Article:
The periodic table is one of the most important tools in the history of chemistry. It describes the atomic properties of every known chemical element in a concise format, including the atomic number, atomic mass and relationships between the elements. Elements with similar chemical properties are arranged in columns in the periodic table.
The periodic table of the elements describes the atomic structure of all elements that are known to mankind. For instance, by looking at the periodic table, a person can find out how many electrons the element has and how much it weighs. Each element has its own separate set of such data; no two elements are the same. Thus, if someone is uncertain what matter he has, he can look at the atomic structure of the material, compare it to the information in the periodic table, and identify the material by matching it to the element on the table with the same data.
Families and Periods of the Elements
The elements in the periodic table are grouped in particular families and periods (vertical and horizontal rows). The elements in each family or period have similar or dissimilar characteristics. The table thus is a quick reference as to what elements may behave the same chemically or which may have similar weights or atomic structures.
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The information contained in the periodic table (such as atomic weight and what elements are similar) lets scientists know how the elements are put together atomically and how they will behave. Once scientists understand this data, they can apply it in experiments. These experiments can be something as simple as combining hydrogen and oxygen to make water, or they can be as dramatic as making a hydrogen bomb.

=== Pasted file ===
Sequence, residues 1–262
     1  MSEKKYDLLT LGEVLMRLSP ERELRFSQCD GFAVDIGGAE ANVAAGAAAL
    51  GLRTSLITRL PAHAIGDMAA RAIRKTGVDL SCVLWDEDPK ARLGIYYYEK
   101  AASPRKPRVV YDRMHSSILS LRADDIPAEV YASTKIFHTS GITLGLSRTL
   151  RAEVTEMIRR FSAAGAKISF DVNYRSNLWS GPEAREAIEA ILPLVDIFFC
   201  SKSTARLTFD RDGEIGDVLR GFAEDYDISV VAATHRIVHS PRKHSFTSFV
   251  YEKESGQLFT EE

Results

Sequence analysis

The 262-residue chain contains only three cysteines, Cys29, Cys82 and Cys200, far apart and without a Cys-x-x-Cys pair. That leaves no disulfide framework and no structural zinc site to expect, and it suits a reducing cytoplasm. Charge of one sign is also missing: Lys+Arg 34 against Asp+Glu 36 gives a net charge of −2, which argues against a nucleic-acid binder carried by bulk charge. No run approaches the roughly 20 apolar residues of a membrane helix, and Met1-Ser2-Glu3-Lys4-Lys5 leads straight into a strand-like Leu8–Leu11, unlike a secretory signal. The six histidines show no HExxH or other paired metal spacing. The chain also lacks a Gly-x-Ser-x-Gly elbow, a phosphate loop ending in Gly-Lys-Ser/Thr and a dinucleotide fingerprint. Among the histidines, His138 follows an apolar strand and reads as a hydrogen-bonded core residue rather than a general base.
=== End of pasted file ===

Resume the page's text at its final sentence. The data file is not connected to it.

Classification of the Elements
The periodic table can be used to identify the matter already discovered by mankind. However, if new matter is discovered, then the atomic structure of the new matter can be compared to the elements in the table in order to classify the new material. Scientists can use the data in the table to figure out how the new matter may behave or what elements to which the new matter may be similar through this comparison.
Scientists can use the information in the periodic table to know when elements have been acted upon in some way. For instance, if scientists know that the basic form of an element has a particular number of neutrons, then they know that something has to have happened to the element if an isotope (an atom with the same number of protons but a different number of neutrons than the base element) is discovered. They may not know exactly what caused the isotope to form, but they can know with certainty that something did occur. This gives historical perspective.